By Ismail B. Suayah.
North Carolina, 25 April 2013:
“And hold fast, all of you together, to the Rope of Allah (i.e., this . . .[restrict]Qur’an), and be not divided among yourselves, and remember Allah’s Favour on you, for you were enemies one to another but He joined your hearts together, so that, by His Grace, you became brethren (in Islamic Faith), and you were on the brink of a pit of Fire, and He saved you from it. Thus Allah makes His Ayat (proofs, evidences, verses, lessons, signs, revelations, etc.,) clear to you, that you may be guided.”
Al-Qur’an, Surah ale-Imraan, 3:103 [translation from http://www.dar-us-salam.com/TheNobleQuran/surah3.html]
On Feb 17th, 2011, a flame was ignited in Benghazi that quickly spread around the world as hearts of Libyans everywhere blazed for freedom. Not long prior, peaceful protests in Tunisia and Egypt ousted the dictatorial regimes of Ben Ali and Mubarak. Gaddafi’s regime was next. The will of the people was clear; it was just a matter of time.
Working and raising a family in a college town in North Carolina, I had lost touch with the Libyan community. I avoided mingling with my countrymen for fear of being too honest with the wrong person and jeopardizing my family in Libya. Now, inspired by the rise of men and women in my homeland, I swung into action to support the revolution. I joined a group of Libyan-American activists and together we raised money, amassed medical and school supplies, organized political rallies, lobbied politicians and spoke to the media. This work consumed my free time even as I underwent a yearlong course of chemotherapy for a major illness.
When my family in Libya gave my wife, an American writer, permission for the first time in twelve years to write about Gaddafi, she wrote an article about his brutal oppression that was published in a major magazine. She also wrote a fundraising letter and delivered it door-to-door to neighbors and friends. Even our ten-year-old daughter sold homemade crafts to raise money for Libya.
Back home on the outskirts of Tripoli, my elderly, illiterate mother prayed constantly for freedom — and given the sincerity of her prayer, I have no doubt she made an impact. My recently widowed sister, whose husband had been denied potentially life-saving medical care in Libya, spoke with me by phone on National Public Radio in the United States to update Americans about the reality on the ground in Libya. My brother, a military officer, joined the rebels as they approached Tripoli; he later organized security in our district and created a local charity to support the widowed and orphaned. Two cousins fought with the rebels of Zintan; one died a martyr.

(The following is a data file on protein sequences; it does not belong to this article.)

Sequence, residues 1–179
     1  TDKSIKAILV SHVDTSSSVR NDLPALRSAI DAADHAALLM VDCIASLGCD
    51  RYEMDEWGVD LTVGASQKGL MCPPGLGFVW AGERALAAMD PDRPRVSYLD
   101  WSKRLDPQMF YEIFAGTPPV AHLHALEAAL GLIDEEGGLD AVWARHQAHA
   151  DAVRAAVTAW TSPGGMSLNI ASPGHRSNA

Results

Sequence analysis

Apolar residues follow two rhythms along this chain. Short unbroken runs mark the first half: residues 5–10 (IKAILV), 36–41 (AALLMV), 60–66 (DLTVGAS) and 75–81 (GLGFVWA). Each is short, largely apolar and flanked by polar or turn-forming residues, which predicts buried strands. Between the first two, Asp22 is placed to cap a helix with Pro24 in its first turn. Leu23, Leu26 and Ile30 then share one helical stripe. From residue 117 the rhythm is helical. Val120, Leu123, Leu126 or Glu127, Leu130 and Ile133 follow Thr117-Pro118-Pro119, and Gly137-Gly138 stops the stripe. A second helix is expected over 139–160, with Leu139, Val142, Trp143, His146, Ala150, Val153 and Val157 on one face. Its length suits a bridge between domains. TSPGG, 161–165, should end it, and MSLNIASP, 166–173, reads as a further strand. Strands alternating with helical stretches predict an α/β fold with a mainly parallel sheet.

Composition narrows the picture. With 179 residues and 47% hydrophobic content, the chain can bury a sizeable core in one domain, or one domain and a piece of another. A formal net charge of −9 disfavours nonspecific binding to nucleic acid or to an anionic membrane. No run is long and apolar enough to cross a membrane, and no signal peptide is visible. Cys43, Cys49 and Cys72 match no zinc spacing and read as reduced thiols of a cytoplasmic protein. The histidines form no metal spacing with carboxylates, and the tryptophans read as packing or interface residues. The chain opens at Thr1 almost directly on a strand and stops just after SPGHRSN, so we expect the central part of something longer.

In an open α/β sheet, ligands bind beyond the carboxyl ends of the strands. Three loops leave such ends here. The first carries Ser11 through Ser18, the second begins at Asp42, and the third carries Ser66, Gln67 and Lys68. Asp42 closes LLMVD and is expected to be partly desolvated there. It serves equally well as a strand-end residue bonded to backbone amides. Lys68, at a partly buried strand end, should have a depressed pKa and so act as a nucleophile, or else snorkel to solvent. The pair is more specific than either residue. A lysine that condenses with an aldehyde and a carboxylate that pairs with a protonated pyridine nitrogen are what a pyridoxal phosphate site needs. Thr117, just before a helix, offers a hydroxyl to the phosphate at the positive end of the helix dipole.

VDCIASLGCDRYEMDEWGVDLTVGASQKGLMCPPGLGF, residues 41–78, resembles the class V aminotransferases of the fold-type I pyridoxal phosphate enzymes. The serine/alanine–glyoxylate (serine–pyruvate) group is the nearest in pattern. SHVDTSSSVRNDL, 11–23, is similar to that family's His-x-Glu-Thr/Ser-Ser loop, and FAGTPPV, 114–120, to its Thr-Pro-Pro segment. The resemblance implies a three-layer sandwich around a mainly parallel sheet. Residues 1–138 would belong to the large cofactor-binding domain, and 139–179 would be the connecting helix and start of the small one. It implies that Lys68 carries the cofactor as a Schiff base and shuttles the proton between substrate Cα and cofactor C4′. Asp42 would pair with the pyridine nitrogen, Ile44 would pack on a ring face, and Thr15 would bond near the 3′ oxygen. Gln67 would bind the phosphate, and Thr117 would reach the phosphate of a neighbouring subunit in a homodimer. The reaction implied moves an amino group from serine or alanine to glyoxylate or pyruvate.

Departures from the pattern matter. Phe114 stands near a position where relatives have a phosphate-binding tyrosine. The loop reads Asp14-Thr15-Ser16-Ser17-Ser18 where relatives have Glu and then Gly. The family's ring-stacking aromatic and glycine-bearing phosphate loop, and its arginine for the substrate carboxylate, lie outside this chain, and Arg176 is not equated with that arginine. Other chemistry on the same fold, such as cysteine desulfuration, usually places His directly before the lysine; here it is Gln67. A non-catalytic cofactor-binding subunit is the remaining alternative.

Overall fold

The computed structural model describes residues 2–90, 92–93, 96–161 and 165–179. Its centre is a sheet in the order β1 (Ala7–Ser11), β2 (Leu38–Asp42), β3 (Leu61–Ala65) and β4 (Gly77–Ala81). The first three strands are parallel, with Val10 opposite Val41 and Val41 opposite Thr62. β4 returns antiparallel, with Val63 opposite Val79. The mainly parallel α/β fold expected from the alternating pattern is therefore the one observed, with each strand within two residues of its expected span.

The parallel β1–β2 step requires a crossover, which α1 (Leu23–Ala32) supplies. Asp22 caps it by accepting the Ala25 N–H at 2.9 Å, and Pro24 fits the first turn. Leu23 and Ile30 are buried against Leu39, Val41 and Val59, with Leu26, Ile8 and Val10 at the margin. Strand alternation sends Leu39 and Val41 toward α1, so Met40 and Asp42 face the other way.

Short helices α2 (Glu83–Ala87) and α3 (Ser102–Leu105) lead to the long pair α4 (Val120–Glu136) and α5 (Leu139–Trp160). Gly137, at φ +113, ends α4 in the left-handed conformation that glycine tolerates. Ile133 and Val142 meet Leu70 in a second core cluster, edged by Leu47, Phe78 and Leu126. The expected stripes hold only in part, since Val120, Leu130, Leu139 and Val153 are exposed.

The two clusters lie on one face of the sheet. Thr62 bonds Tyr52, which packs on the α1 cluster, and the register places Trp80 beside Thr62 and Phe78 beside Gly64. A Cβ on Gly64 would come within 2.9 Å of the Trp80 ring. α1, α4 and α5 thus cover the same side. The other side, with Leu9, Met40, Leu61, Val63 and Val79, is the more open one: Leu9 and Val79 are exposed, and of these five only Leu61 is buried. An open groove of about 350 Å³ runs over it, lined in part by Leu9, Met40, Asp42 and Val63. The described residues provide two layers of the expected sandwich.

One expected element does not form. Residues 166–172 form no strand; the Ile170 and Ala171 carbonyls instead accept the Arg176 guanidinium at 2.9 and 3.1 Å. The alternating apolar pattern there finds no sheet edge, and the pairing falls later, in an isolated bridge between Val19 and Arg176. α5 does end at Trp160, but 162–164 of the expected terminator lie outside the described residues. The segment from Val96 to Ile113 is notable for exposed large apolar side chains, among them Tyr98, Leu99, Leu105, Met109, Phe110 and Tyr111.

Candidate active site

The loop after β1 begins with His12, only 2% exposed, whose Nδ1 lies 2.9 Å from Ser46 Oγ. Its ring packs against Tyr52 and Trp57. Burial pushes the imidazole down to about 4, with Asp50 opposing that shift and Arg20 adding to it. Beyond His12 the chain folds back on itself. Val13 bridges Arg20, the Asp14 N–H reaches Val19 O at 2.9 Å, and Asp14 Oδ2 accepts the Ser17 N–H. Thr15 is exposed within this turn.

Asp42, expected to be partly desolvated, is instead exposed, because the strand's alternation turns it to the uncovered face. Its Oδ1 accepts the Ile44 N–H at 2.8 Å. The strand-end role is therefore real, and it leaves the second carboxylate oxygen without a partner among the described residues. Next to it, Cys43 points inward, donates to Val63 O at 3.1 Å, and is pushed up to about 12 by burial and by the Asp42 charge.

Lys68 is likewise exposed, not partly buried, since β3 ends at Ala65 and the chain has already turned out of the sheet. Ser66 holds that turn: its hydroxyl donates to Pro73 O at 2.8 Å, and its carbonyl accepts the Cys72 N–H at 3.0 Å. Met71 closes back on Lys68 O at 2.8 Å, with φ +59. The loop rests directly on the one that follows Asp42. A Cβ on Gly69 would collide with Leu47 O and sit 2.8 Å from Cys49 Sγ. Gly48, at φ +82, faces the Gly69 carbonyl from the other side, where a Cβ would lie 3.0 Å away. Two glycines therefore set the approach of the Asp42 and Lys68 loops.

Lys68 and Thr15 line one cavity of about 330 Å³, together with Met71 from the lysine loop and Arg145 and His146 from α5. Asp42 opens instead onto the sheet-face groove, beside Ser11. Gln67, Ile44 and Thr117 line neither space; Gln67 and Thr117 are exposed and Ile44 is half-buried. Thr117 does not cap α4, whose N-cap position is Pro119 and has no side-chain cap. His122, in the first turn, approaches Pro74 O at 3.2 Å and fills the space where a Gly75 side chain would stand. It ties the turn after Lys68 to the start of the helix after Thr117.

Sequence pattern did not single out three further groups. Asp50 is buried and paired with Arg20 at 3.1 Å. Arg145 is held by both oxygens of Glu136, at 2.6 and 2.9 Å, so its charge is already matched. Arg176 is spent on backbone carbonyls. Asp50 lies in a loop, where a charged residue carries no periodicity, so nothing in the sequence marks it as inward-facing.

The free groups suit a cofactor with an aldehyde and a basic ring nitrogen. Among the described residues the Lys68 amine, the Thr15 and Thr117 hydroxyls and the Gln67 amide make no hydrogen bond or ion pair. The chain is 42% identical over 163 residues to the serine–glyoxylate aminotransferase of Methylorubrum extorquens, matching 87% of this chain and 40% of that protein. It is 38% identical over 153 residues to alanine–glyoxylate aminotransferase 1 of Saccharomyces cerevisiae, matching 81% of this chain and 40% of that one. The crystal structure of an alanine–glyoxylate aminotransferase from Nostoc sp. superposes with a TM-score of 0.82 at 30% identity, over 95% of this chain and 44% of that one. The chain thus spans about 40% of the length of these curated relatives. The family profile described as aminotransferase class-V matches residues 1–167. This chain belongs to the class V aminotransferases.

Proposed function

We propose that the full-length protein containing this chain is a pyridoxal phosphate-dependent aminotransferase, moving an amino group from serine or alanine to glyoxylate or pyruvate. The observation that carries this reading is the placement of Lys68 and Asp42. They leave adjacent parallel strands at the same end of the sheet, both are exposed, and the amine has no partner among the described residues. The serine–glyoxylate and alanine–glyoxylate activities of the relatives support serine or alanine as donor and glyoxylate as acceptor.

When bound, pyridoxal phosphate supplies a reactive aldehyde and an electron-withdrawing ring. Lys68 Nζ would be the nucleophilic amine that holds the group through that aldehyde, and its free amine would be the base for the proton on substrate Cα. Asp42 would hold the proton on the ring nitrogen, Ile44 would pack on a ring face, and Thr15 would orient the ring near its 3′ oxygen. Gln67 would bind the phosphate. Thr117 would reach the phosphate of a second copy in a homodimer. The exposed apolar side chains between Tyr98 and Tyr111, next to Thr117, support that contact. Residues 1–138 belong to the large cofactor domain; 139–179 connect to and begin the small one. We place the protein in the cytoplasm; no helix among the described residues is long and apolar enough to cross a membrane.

My teenage nephew in Tripoli, whose high school was shut down most of his senior year, spent his days helping neighbors. When I asked him over the phone what he did all day without school to attend, he said: “I’m busy. We get up and leave the house early, and we spend our days making sure everyone around us is okay.” Most Libyans could share their own stories about swinging into action for the revolution. We each did what we could; together we grieved losses and celebrated victories as the regime came to an end.
Now, as we rebuild our nation, we are too dignified to engage in the cynical comparison of body counts. We do not use bloodshed to measure the value of one region, town, or individual over another. We do not say the loss of a limb is worth a job, or the loss of a child is worth a pension. As Muslims we say Alhamdulillah (Praise God) we survived; we give thanks that we lived to see this freedom. Then we say Bismillah (In the Name of God) and step into our future.
As our grandparents and great-grandparents joined to fight colonialism and free Libya, together we overthrew Gaddafi and freed our nation. Together we cared for our wounded, kept our young and our elderly fed, buried our dead, and elected a government. Together we endured and continue to endure turbulent transition. Now our country needs each of us to put our unique gifts to work in service to our country. Only in this way will we transcend our dark past, defy the world’s expectations, and create the Libya we have dreamed of for forty years: a country where our children and grandchildren can lead safe and prosperous lives. Together we shall overcome the odds.
Let us shed hatred, overcome division, and restore trust in one another. Let us break the cycle of revenge. Let us not live in the long shadow of Gaddafi’s dark legacy. Let us honor our martyrs. And rejuvenate the optimism of the revolution. Let us make unity our new legacy.
Dr. Suayah is a regular contributor to the Libya Herald. He is a former geo-marine scientist, currently working in the software industry. He lives in the United States in the state of North Carolina with his wife and two children.
The views expressed in Opinion articles do not necessarily represent those of the Libya Herald [/restrict]